Segment Information

Our reportable segments are Consumer, Shutterfly Business Solutions ("SBS").

Consumer

Our Consumer revenues include sales from all our brands and are derived from the sale of a variety of products such as, professionally-bound photo books, cards and stationery, custom home décor products and unique photo gifts, calendars and prints, and related shipping revenues, as well as rental revenue from our BorrowLenses brand. Revenue from advertising displayed on our websites is also included in Consumer revenues. Consumer revenues as a percentage of total net revenues were 84% in 2017, 88% in 2016 and 91% in 2015.

SBS

Our SBS revenues are primarily from personalized direct marketing and other end-consumer communications as well as just-in-time, inventory-free printing for our business customers. We target the financial, retail, technology and health care verticals primarily with our direct sales team. With the help of our leading manufacturing platform, we are building a scalable SBS platform that enables any of our clients to optimize their integrated marketing campaigns. We continue to focus our efforts in expanding our presence in these industries. SBS revenues as a percentage of total net revenues were 16% in 2017, 12% in 2016 and 9% in 2015.

In addition to the above reportable segments, we have a corporate category that includes activities that are not directly attributable or allocable to a specific segment. This category consists of stock-based compensation expense and amortization of intangible assets.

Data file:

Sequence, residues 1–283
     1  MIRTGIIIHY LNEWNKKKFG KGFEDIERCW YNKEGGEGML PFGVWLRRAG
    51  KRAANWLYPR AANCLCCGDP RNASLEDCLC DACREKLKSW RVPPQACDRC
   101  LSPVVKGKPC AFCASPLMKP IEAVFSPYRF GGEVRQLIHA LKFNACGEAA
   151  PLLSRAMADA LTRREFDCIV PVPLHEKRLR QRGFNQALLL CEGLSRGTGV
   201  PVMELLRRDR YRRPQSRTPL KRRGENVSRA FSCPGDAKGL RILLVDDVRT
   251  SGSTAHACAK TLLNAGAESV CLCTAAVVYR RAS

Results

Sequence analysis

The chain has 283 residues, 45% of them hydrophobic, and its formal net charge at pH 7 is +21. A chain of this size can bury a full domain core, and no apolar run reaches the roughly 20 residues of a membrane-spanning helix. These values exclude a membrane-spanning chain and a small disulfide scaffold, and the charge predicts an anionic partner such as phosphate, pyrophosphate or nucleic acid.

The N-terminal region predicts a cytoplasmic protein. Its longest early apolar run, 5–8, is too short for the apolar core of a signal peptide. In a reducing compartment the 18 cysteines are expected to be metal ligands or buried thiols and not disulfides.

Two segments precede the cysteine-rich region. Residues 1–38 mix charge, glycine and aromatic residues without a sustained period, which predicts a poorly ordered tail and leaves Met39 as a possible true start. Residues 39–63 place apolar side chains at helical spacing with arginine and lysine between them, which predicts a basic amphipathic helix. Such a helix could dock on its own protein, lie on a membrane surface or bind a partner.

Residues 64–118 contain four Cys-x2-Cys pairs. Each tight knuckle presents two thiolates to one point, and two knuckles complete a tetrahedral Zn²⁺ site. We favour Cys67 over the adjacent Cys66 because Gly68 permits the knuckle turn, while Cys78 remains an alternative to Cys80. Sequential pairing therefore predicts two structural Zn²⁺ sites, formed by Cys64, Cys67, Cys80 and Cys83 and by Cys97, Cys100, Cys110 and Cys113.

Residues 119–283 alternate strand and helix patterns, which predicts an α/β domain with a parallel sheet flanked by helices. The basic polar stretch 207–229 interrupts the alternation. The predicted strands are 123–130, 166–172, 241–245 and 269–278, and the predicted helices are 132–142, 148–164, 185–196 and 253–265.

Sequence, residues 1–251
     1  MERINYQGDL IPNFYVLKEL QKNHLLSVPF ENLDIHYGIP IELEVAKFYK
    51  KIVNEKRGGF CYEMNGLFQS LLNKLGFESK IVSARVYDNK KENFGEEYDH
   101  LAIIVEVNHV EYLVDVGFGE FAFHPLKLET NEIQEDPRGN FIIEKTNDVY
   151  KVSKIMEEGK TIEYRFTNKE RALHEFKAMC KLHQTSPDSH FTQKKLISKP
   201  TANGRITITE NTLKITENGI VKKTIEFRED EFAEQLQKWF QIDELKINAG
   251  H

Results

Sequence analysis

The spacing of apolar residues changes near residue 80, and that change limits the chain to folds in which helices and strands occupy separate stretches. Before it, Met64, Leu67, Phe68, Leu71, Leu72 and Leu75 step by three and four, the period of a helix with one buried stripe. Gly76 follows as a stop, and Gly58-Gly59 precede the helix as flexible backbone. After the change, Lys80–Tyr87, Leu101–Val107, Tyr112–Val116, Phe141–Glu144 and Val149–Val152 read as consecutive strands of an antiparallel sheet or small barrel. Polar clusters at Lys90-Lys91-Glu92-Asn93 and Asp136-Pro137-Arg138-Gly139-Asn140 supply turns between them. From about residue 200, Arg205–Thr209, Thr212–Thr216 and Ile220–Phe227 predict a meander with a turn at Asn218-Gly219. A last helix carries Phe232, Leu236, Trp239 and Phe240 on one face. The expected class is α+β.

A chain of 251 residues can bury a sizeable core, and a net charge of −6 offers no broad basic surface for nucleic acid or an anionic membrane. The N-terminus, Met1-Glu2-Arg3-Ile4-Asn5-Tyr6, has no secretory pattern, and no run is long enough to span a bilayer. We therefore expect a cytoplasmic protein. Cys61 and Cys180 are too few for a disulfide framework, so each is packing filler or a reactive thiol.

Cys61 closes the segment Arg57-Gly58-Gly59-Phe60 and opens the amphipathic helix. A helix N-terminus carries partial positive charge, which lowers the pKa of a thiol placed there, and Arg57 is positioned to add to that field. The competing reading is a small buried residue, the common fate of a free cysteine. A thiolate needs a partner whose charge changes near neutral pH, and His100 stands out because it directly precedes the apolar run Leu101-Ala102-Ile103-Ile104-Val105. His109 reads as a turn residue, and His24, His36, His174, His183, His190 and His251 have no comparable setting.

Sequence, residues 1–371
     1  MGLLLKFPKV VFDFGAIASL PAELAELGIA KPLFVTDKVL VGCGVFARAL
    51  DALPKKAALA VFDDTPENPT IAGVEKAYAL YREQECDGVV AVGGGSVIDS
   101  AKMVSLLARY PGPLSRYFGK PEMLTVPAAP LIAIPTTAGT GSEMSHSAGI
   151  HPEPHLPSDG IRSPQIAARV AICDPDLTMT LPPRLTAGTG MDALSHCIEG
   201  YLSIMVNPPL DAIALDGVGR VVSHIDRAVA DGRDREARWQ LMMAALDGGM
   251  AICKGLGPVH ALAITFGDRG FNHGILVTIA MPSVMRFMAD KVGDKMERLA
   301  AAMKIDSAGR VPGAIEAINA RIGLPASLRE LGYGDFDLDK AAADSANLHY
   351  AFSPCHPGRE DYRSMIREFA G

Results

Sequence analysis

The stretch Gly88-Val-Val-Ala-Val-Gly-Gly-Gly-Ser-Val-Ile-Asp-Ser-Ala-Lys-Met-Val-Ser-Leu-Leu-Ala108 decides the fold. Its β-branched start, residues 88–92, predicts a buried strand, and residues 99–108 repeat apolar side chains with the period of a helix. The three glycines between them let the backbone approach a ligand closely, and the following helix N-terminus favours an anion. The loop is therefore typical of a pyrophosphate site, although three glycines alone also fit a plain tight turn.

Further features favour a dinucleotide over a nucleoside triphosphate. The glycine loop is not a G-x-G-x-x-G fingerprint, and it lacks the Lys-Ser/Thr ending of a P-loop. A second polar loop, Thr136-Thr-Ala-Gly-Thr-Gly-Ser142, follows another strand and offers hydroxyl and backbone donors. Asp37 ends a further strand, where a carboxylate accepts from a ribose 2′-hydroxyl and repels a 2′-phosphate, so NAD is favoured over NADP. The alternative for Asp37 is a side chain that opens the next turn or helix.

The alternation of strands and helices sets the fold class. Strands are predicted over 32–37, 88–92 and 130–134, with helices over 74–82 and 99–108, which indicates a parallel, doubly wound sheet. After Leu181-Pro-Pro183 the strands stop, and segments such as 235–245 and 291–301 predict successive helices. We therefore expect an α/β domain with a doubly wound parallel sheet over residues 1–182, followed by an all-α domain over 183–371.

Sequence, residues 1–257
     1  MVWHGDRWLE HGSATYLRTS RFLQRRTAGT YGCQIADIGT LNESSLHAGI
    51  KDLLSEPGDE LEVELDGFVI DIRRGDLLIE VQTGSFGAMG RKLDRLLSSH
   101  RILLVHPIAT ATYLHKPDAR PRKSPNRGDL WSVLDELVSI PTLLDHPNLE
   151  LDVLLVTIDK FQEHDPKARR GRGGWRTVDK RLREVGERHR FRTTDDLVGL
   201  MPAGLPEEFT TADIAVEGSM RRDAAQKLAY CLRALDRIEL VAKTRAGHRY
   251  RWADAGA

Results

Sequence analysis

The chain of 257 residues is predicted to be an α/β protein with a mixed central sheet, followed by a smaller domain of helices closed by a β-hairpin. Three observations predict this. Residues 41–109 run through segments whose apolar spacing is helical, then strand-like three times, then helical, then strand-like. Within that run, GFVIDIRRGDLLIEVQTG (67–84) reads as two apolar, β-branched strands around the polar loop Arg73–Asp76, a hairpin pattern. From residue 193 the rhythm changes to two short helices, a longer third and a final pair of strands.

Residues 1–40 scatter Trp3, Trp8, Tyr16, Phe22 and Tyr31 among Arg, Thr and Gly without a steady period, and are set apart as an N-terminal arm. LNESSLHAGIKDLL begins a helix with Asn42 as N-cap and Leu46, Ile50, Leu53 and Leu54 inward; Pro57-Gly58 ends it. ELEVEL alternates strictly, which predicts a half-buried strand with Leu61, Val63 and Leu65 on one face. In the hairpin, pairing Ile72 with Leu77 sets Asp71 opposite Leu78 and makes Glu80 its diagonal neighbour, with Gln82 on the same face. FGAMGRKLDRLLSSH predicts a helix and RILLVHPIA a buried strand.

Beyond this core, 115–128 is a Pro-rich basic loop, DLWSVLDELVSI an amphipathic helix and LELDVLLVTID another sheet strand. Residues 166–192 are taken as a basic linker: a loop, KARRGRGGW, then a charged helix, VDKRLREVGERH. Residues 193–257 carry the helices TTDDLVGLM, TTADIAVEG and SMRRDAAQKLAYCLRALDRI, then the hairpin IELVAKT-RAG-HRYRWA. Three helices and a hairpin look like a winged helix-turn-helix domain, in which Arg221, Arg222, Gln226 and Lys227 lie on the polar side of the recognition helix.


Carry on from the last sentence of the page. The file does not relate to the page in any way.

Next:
For financial information about each segment, see Part II, Item 7 of this annual report on Form 10-K, “Management’s Discussion and Analysis of Financial Condition and Results of Operations-Basis of Presentation” and Part II, Item 8 of this annual report on Form 10-K, “Financial Statements and Supplementary Data-Notes to Consolidated Financial Statements-Note 13-Segment Reporting.” For a discussion of the operational risks associated with each business segment, see Part I, Item 1A of this annual report on Form 10-K, “Risk Factors.”


Business Initiatives

Consumer

During the first quarter of 2017, we announced a restructuring of our Consumer business over the course of 2017, simplifying our brand portfolio, creating a Tiny Prints boutique on a dedicated tab on Shutterfly.com, and shutting down the legacy Tiny Prints, Wedding Paper Divas, and MyPublisher websites while encouraging those customers to migrate to Shutterfly.com. We anticipated that a transition of this magnitude would inevitably lead to the loss of some customers and revenues and sought to minimize the